Health Care, Once Again

Responding to this bit of propaganda from the Fraser Institute published in the Times & Transcript:

All very well to talk about what health care costs Canadians, but consider:

- we still pay less that half what Americans pay, and
- we get better health outcomes (longer lives, lower infant mortality, etc)

Also, when comparing our insurance with Americans', keep in mind:

- we don't pay health care premiums
- we don't have deductibles to pay when we get injured or sick
- insurance pays 100% of the cost, not 80%
- there is no maximum coverage in the Canadian system
- your health insurance doesn't expire or disappear for any reaosn, not even for pre-existing conditions, not because you turned age 50, not because you live in a rural area

Also, the Fraser Institute has a history of opposing health care in Canada, and this is reflected in the way they misrepresent the data.

For example:

- the incomes listed are taxable incomes, not gross or even net incomes. Thus, the *actual* income of someone paying $9,873, for example, is much higher than the $96,217 stated in the article

- not all government revenues are derived from personal taxes. There are corporate taxes, tariffs, and royalties on resources like oil and minerals, among other things. So it is a misrepresentation to suggest that individual taxes pay for the *entire* cost of Canadian health care

- the numbers listed are not per *person* but rather are per *taxpayer* - this means that the $9,873 paid by a person pays not only for the person's health care, but any dependents and children, as well as for people on income support (such as pensioners, the unemployed, and welfare recipients).

Finally, regarding 777 777's assertion that government run health care involves higher administrative costs:

As we see here and in *numerous* other references, administrative costs in the U.S. system are much higher.

This doctor notes, "Even the U.S. Medicare program has 80% to 90% lower administrative costs than private Medicare Advantage policies."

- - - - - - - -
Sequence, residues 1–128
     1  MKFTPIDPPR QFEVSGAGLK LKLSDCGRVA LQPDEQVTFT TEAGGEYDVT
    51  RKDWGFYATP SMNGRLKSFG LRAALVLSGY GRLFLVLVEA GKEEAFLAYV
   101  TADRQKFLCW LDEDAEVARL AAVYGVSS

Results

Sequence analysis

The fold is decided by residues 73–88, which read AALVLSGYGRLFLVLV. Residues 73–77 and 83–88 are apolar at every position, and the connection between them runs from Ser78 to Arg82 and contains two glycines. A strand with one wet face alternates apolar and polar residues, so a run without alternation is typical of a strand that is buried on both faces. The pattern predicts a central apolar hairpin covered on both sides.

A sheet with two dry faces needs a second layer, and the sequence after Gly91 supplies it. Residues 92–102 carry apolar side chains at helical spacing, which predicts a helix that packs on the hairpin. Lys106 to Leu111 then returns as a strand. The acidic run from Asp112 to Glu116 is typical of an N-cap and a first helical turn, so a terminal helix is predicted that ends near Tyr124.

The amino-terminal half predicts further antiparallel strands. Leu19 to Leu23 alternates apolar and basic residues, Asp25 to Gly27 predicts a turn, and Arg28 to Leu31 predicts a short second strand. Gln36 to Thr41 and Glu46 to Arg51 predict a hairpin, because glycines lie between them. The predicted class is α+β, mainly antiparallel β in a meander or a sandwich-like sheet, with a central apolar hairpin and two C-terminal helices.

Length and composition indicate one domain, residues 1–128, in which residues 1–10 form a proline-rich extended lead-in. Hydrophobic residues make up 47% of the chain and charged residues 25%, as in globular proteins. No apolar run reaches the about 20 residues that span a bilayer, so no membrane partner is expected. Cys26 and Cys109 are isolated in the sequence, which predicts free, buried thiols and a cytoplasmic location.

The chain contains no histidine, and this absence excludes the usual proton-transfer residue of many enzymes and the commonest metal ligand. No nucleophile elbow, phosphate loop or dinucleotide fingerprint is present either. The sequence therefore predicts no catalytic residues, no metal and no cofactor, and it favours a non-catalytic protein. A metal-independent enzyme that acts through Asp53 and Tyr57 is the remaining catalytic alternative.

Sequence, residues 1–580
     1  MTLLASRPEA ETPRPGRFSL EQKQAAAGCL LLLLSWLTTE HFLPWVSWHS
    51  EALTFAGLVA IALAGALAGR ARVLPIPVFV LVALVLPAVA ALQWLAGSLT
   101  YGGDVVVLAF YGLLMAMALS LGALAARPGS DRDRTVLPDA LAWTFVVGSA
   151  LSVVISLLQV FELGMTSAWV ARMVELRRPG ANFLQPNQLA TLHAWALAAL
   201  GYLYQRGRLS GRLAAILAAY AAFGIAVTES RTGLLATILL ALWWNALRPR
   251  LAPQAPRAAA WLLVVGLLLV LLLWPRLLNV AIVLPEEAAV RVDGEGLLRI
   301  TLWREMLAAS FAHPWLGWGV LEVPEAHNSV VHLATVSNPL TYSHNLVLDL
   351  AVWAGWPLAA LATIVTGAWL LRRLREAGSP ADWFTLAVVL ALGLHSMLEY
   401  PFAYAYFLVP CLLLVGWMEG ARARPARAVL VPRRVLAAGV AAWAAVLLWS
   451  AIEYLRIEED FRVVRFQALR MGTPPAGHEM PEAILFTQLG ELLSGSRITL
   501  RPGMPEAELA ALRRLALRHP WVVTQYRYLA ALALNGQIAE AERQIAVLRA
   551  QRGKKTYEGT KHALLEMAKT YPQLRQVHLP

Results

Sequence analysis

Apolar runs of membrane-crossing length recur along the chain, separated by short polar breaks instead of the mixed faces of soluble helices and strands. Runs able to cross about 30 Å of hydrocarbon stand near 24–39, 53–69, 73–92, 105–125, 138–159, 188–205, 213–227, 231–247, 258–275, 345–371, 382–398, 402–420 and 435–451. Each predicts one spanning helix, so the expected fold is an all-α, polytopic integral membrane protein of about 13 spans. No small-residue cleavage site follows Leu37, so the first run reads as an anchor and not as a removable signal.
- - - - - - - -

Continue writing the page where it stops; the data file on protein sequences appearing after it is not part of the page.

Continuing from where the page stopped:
Using actual data, and not political platitudes, shows: "Single-payer systems reduce duplicative administrative costs and can negotiate lower prices.

The actual savings are significant. "Health administration costs totaled at least $294.3 billion in the United States, or $1,059 per capita, as compared with $307 per capita in Canada."

More - "USA wastes more on health care bureaucracy than it would cost to provide health care to all of the uninsured."


  1. Thanks for weighing in on this debate Stephen. The lies and deception, the deliberate fuddling of the debate is making me so angry.. and i live in Australia.

    But i still think it's an important battle to win.

    Given how obviously wrong the existing US healthcare system is, it just seems exasperating that anyone cares to defend it. Interests and the status quo at work.

    kind regards, michael

  2. Материал спорный но безусловно можно взять в разработку, Спасибо

  3. The US debate about health care see,s altogether removed from reality. When I read the stuff that's written, I think they come not merely from another planet, not even another galaxy, but another universe, and not a parallel one either.

  4. Hold tight to your health care plan, Canadians. You are very lucky to have one so comprehensive. (I'm in America myself, and fighting to get this country to stop killing people for being poor.)


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